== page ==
Now, on to the truth. One can reasonably infer that the industrialized world's banking system is effectively insolvent. Maybe some institutions are individually strong, but the system as a whole is broke. Bank regulators haven't admitted this, but it's obvious from their conduct. Government officials worldwide are taking extreme measures to administer financial CPR, and every week comes with a new program or proposal. One of the most recent ideas is for the government to make direct investments in distressed banks. This nationalization of the banking system (let's not pretend that it's anything else) isn't a bad idea. For every dollar of capital invested in a bank, it can reasonably make ten dollars of loans. That ten for one ratio is a pretty good bang for the buck. Purchasing toxic assets (i.e., the heart of the $700 billion bailout program enacted by Congress), would probably free up less lending power for each federal dollar spent.

But federal investments in banks should come with a demand for housecleaning writeoffs of the toxic mortgage-related assets and derivatives that have been bedeviling the banks and tying up their capital. The most important reason for the credit crunch is that banks seeking to borrow from the private sector haven't been transparent enough about their balance sheets to inspire lender confidence. That's why the federal government has thrown a lot of liquidity at the financial system, with little tangible benefit. No one wants to lend, even if they have the money, when they can't discern the borrower's ability to repay the debt.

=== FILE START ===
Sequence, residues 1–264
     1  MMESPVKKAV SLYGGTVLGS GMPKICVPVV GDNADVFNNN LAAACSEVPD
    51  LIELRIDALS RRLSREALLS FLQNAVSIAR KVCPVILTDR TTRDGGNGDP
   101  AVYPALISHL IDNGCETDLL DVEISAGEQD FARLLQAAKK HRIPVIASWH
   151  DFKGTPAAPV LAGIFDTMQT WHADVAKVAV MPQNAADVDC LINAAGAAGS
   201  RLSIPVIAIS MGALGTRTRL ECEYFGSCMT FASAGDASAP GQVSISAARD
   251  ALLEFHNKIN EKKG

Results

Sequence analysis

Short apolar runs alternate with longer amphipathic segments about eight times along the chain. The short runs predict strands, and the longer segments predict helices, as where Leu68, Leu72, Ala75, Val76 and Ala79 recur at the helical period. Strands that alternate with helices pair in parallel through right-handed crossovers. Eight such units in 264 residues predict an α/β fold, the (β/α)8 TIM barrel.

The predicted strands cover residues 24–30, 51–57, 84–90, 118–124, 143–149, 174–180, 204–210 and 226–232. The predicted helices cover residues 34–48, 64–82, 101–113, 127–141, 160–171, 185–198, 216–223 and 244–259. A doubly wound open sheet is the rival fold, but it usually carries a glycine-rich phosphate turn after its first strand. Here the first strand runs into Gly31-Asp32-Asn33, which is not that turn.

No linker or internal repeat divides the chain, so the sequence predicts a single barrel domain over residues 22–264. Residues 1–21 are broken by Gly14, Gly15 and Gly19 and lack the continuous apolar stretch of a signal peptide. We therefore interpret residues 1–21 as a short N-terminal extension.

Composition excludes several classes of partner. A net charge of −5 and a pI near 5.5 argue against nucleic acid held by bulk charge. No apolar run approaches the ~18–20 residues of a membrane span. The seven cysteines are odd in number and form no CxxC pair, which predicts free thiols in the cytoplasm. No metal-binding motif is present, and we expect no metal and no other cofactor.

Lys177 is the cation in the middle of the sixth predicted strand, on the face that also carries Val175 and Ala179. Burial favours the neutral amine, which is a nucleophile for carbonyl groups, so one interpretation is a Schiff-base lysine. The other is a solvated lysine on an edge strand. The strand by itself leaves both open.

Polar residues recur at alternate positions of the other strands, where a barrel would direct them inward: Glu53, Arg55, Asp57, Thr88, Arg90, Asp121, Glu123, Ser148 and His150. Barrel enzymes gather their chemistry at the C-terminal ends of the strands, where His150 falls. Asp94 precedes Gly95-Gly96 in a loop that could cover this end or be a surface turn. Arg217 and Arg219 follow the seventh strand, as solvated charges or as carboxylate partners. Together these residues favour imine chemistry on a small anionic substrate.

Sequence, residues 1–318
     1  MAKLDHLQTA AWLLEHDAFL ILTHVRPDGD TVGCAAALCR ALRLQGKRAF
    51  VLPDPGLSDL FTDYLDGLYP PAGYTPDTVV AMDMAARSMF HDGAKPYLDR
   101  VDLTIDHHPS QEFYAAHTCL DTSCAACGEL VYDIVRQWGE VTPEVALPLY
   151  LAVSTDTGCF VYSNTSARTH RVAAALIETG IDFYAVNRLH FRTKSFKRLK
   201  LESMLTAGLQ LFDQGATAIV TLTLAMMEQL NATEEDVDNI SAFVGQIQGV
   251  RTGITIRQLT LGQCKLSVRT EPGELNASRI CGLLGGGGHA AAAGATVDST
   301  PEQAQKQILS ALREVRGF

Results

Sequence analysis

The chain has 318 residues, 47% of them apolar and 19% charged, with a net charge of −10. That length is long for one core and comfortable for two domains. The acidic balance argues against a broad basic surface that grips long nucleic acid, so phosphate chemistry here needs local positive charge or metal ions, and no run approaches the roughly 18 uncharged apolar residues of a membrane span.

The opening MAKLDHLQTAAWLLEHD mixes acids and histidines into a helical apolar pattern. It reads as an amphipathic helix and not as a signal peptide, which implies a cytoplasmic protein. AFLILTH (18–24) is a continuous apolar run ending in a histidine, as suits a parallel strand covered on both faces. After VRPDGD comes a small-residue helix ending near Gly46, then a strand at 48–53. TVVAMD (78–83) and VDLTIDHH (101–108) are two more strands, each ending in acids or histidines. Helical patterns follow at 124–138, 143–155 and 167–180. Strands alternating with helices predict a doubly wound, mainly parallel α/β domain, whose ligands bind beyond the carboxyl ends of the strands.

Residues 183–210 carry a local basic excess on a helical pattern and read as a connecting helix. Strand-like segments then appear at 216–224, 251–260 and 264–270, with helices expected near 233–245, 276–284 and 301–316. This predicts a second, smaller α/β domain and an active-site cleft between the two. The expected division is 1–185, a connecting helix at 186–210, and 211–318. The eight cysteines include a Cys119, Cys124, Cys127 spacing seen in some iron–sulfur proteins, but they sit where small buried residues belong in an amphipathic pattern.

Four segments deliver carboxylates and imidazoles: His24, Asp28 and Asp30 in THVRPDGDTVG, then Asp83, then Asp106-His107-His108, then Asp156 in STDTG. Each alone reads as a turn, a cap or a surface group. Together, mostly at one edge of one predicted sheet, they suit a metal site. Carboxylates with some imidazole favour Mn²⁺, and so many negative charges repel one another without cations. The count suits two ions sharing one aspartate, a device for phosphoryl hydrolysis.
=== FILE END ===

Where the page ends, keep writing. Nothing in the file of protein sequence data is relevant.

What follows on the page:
By way of analogy, consider whether you could get a loan from a bank without telling the bank about your other debts and liabilities. Maybe a few years ago, you'd have gotten a liar loan with a teaser rate. But now, you couldn't hope to get a loan without spelling out your financial condition and circumstances to the nth degree. Many large banks are still trying to borrow in the interbank market without being candid about their potential losses from mortgage-related assets and derivatives. It should hardly be surprising that they get the brushoff.

Time to come clean. Clarity and transparency are crucial to inspiring lender confidence, and writeoffs are essential to cleaning up borrower balance sheets. The price of federal capital should be full disclosure of the toxicity in the recipient bank's balance sheet. Moreover, the values of the nasty assets should be written down to amounts determined through prudent and conservative application of the relevant accounting principles. No smiley-face interpretations of the mark-to-market rules should be allowed. This trip by the banks to the woodshed may reveal that they're actually insolvent. So be it. We know that anyway and no amount of relaxation of the accounting rules will fool investors into believing otherwise (banks and regulators only fool themselves if they think that changing the accounting rules now will mollify investors, who may be stupid but aren't that stupid).

Full disclosure and writedowns would likely increase the amount of federal capital needed. That's okay. We should use the process of taxpayer bailouts to cleanse the banking system and get it started on the road to health. Simply burying the losses while giving the banks some financial methadone won't solve the problem. It will simply delay the day of reckoning. And when that day of reckoning arrives, the panicky selling that will be seen in the stock markets will make these days seem like a walk in the park.